December 16, 2017

Statement by the Representative of Cyprus to the 6th Committee Ambassador A.J. Jacovides – Report of the International Law Commission

Mr. Chairman,

The consideration of the International Law Commission Report has traditionally been the highlight of the annual agenda of the Sixth Committee and again I feel privileged to participate in the debate.

Before I go any further, allow me to extend warm congratulations to the Commission’s Chairman, Peter Kabatsi, the Chairman of the Drafting Committee, Peter Tomka and its other officers and members, and to commend the members of the Secretariat, who service it with commendable professionalism and dedication, for an excellent report (A/56/10). Even though the report is unusually lengthy at 536 pages, it is well laid out and exceptionally substantive. Mr. Mikulka and his colleagues deserve credit for the fact that it was made available relatively early for its contents to be studied in good time.

Mr. Chairman,

It has been our view that the nature and practical possibilities afforded by the present debate is to provide the opportunity for representatives of States to offer an evaluation of the ILC’s Report, general comments on the topics dealt with and to provide answers on the issues of legal policy, where the Commission needs the guidance of the General Assembly and also to inject an element of political direction whenever it is appropriate and useful to do so, without going into matters of detail or drafting expect for very few points of particular interest to the delegation concerned. Incidentally, may I also reiterate the view that the positions of Governments stated here orally should be given no less weight than the written comments of States in response to the relevant questionnaires. Small States in particular are necessarily limited in producing written comments on a large variety of topics and so their statements in this Committee can serve also this purpose.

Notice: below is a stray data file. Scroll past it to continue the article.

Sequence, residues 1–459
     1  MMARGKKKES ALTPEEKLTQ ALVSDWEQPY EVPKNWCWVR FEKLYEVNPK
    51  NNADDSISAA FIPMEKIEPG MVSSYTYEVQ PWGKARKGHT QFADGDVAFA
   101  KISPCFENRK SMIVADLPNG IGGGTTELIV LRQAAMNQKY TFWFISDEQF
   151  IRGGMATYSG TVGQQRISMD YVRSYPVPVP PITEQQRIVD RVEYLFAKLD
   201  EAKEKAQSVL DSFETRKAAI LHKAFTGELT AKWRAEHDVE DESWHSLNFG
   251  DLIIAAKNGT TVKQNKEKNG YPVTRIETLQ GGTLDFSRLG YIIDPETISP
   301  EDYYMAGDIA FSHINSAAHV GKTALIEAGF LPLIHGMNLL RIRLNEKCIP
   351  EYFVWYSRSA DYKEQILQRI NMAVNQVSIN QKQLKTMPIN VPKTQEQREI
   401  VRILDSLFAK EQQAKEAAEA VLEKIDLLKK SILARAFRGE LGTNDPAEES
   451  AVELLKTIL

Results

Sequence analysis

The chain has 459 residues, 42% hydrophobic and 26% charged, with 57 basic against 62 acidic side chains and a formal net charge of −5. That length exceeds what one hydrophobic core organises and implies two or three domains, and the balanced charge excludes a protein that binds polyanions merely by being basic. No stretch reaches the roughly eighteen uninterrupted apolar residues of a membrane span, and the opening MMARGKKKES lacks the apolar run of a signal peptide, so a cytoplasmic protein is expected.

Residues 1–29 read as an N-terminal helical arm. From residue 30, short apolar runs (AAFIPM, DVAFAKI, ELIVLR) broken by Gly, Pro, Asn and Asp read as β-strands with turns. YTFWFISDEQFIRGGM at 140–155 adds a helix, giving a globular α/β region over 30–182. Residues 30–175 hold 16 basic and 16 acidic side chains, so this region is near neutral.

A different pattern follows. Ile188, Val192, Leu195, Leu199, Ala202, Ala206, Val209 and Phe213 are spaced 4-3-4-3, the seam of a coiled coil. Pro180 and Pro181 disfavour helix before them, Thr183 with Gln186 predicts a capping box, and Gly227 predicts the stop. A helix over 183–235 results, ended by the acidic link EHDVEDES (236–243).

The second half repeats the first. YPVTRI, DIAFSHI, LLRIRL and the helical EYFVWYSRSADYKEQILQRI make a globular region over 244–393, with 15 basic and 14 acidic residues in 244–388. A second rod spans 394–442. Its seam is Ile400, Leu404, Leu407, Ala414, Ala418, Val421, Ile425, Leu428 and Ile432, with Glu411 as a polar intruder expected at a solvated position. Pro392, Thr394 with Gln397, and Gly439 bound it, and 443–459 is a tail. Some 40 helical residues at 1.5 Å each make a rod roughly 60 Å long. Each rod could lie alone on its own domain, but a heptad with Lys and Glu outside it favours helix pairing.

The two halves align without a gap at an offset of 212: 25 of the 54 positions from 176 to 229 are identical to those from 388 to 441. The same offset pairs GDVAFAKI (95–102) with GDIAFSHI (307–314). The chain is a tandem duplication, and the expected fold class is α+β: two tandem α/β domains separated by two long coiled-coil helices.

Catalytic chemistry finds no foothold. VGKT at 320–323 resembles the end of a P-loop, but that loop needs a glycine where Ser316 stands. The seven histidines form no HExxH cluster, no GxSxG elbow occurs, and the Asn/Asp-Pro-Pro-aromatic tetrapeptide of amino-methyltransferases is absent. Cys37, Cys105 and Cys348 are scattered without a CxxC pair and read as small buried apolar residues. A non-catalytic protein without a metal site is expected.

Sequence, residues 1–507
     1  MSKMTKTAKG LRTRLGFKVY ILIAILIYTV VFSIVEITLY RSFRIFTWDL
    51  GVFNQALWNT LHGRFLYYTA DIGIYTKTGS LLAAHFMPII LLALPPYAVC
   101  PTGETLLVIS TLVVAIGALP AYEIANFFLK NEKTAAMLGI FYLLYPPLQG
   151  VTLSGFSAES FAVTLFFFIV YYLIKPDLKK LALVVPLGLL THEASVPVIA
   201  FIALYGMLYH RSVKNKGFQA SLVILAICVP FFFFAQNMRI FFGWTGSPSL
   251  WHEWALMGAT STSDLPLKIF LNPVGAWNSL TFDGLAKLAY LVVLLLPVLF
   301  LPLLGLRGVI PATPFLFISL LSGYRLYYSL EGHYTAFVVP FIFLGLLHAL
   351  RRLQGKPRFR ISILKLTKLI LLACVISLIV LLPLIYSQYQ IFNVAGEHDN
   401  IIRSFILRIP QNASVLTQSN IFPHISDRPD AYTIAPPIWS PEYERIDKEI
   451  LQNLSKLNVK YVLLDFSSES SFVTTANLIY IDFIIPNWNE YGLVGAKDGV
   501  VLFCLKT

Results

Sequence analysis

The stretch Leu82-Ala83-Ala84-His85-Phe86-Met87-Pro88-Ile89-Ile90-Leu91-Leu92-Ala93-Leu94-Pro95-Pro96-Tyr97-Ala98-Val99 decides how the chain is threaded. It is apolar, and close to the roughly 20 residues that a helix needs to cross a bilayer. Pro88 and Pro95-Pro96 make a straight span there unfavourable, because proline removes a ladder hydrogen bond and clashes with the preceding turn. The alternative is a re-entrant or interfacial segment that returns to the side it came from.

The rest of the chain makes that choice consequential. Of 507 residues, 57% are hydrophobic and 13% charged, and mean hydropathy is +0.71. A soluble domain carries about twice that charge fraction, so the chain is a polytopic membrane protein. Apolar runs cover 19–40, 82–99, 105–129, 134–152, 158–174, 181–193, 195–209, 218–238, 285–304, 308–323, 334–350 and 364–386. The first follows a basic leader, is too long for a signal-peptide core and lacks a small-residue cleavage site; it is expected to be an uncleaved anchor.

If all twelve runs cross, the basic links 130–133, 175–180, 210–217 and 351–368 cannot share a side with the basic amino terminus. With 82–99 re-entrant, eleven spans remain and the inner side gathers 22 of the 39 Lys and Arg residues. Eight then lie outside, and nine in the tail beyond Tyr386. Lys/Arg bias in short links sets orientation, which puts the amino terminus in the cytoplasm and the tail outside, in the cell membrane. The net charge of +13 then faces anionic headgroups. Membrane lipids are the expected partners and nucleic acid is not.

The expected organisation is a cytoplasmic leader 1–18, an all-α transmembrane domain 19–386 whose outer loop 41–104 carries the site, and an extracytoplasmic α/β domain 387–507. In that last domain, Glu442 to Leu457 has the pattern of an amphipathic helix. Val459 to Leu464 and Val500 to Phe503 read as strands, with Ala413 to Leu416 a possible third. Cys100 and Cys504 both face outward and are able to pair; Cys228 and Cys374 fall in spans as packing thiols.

It is with these considerations in mind that my delegation will proceed with your permission, Mr. Chairman, to make its contribution and, for practical reasons, will do so on all topics in the ILC’s Report, but with appropriate emphasis on the major topic of State Responsibility.

We are grateful to the Commission’s Chairman, Peter Kabatsi, for his introductory statement, which has been very helpful in focusing on the main issues.

Chapter II of the Report, summarizing the work of the Commission during its fifty-third session, is also helpful for the same reason.

We note, with great satisfaction, that the ILC completed the second reading of “State Responsibility” and recommends that the General Assembly take note of the draft articles on responsibility of States for internationally wrongful acts in a resolution to which the draft articles would be annexed and that, at a later stage, to consider the possibility of convening an international conference of plenipotentiaries to examine these draft articles with a view to adopting a convention. I shall revert to this point when examining the content of Chapter IV.

On the topic “International liability for injurious consequences arising out of acts not prohibited by international law (prevention of transboundary damage for hazardous activities)”, we note, also with satisfaction, that the Commission completed the second reading of the draft articles on Prevention of Transboundary harm for hazardous activities and recommends the elaboration of a convention thereon by the Assembly. My delegation highly commends the Special Rapporteur, Mr. P.S. Rao and trusts that this recommendation will be duly proceeded with.